Key Balkan Region Edges Toward Peace
Turnover of Eastern Slavonia, on Serb-Croat border, will be closely watched
AMERICAN diplomats and United Nations officials are working overtime to persuade Serbs and Croats to abide by a bold peace plan that will transfer the Eastern Slavonia region of Croatia back to government control and reintegrate the former warring parties.
Rebel Serbs brutally conquered this narrow strip of land on the eastern edge of Croatia, with rich farmland and oil fields, when war broke out in the former Yugoslavia in 1991. The return to Croat control is to be guaranteed by 5,000 UN peacekeeping troops within two years.
Some peacekeepers from the previous UN mission to Croatia already are in place in Eastern Slavonia, notably 650 Belgians (Belgium will command the new peace mission) and some 950 Russian soldiers. The bulk of the rest of the forces of the UN mission that began in mid-January - armored Jordanian and Pakistani units, and others - have been pledged but have yet to deploy.
The transitional UN administrator, retired American Gen. Jacques Klein, hopes that full deployment will be completed by May or June. At that point he will declare deployment "sufficient," which will set the clock ticking for Serb and Croat forces: Their demilitarization of the area must then be completed within 30 days.
Kicking through the ruins of Vukovar, the once-pristine port city on the Danube River that was bombarded by Serb shells for three months before it fell, US Ambassador to Croatia Peter Galbraith says he is hopeful that the message of peace is slowly taking hold.
"There is no alternative to Croats and Serbs living together ... it's the only possible future," he says, as he leads an entourage past one destroyed building after another. "This is not to say I'm optimistic. I'm simply saying it's the only alternative."
Eastern Slavonia abuts Serbia, so lasting peace between the governments of Croatia and Serbia is critical to the success of the Dayton peace accord. The presidents of both countries have accepted that Eastern Slavonia is part of Croatia. But the peace deal - negotiated separately from the Dayton accord - assumes that Serbs and Croats can and will live together again and aims to recreate the pre-war ethnic mix.
By contrast, Dayton legally separates Bosnia's ethnic warriors and only envisions complete reintegration in certain areas such as Sarajevo. The current exodus of Serbs from Sarajevo suburbs coming under Muslim-Croat control highlights the difficulties of creating mutual trust and security - and could be a harbinger of things to come in Eastern Slavonia.
But for Mr. Galbraith, who helped negotiate this peace plan, a Serb exodus is not an option. He has held a series of town meetings on both sides of the front line to explain the provisions and has been surprised by local misconceptions: Serbs have been terrified to hear that "their" land has been given away; Croats are angry that they were prevented from taking the territory by force, which they had been poised to do last October.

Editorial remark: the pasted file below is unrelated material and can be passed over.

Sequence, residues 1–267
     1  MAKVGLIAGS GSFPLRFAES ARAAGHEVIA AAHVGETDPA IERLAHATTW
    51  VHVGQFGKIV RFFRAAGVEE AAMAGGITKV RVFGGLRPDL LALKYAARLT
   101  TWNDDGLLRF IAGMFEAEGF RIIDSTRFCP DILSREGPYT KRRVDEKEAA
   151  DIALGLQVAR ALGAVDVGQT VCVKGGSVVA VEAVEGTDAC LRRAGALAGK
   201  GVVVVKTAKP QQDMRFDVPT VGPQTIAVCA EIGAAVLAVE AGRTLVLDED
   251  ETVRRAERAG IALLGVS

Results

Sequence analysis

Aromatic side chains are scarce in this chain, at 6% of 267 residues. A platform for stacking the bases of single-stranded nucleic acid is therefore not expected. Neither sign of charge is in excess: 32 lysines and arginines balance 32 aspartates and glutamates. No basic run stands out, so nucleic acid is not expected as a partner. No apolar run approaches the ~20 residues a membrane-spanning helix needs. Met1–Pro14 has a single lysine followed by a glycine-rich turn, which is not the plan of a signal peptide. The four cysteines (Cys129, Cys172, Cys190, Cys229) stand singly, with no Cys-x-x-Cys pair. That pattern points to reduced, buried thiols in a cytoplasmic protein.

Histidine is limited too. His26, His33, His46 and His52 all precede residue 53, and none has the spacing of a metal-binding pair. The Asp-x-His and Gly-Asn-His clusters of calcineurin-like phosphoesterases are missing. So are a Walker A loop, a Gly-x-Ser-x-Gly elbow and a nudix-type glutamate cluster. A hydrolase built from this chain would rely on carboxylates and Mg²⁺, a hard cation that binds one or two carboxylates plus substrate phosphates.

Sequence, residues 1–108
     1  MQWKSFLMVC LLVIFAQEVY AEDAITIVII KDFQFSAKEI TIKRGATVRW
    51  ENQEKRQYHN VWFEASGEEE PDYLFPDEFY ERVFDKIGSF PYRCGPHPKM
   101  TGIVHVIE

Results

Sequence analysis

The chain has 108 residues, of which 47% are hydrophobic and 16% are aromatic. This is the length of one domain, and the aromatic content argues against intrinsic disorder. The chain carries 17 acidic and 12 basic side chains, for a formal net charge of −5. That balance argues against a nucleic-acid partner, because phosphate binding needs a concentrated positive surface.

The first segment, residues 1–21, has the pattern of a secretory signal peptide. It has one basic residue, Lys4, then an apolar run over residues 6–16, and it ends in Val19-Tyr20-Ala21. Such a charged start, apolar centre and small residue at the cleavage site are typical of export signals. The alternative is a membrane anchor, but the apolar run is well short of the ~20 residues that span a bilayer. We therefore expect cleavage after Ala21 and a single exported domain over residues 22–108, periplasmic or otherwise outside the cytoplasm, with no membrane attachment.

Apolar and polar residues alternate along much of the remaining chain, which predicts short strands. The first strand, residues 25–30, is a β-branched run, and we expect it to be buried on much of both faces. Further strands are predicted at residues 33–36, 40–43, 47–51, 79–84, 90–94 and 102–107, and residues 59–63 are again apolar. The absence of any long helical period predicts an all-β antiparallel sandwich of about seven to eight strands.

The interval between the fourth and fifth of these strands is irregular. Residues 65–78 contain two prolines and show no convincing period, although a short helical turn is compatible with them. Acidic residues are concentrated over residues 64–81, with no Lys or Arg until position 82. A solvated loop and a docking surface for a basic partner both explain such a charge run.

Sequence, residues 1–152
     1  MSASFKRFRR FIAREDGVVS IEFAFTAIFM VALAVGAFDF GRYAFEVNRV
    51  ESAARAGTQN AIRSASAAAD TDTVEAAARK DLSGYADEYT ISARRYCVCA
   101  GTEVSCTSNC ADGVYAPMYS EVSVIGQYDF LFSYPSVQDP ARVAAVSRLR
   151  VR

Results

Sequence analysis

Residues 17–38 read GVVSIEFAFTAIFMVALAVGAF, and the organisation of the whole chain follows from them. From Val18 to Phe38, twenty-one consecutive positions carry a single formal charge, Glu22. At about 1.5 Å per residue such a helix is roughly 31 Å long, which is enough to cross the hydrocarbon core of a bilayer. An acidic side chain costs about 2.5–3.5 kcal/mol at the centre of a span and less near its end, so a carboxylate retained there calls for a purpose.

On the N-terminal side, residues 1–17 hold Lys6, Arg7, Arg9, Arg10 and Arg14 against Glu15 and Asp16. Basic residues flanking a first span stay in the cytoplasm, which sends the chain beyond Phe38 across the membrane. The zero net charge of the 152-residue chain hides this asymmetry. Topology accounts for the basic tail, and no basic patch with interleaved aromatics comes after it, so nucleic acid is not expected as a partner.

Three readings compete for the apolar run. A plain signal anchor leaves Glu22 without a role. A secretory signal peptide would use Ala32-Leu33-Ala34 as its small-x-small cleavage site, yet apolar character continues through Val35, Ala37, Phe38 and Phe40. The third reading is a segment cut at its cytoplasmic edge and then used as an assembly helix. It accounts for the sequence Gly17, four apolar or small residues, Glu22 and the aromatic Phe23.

"Of course people are nervous, and some people are scared about the future," Galbraith says. Croats consider Vukovar to be their "Stalingrad," after the Russian city devastated by German forces in World War II. Russian UN troops guard a mass grave of people killed by Serbs, and a handful of Serbs have been indicted for war crimes committed in Vukovar.
"I know this agreement makes many people here unhappy," he says. "But it is an agreement that is much better than the alternative, which is another war, thousands of dead, and continued isolation and poverty. We can see what war has done."
UN officers expect that military aspects of the plan - complete demilitarization that will begin one month after full deployment of UN troops and international police - will be easiest. The UN mission will be complete, and Eastern Slavonia will return to Croatian rule, within two years. No territory has been handed back yet, though both Serbs and Croats have pulled back from specific, narrow demilitarized zone already as part of the previous UN mission.
Far more problematic are the creation of a mixed Serb-Croat police force and the return of Croat refugees to their homes. There is little mutual trust to build on, so there is already friction over the police force: Croats want it to have the same ethnic mix as before the war; Serbs want it to mirror the current ethnic makeup of the region - almost all Serb.
Some 50 American police may take part in the UN operation, joining up to 400 from Scandinavian and other countries who will be unarmed and work with the Serb-Croat police. Success is crucial, diplomats and officers say, to persuade the Serbs to stay on under Croat rule.
The return of refugees will also be difficult. Croats have been told they can return home, but what will come of Serbs, many refugees themselves, who are squatting in Croat homes? Milan Milanovic, the top Serb leader here, says: "We have to think about the people who are refugees here. We can't throw them into the Danube."
After years apart, many in Vukovar can't imagine living with Croats again, though this region was once one of the most ethnically mixed in Yugoslavia. "Not yet," says one Serb man, stopping beside a building reduced to rubble. "When? It's difficult to say. I'm convinced that in five or six years some can be forgotten. Peace is a very important thing."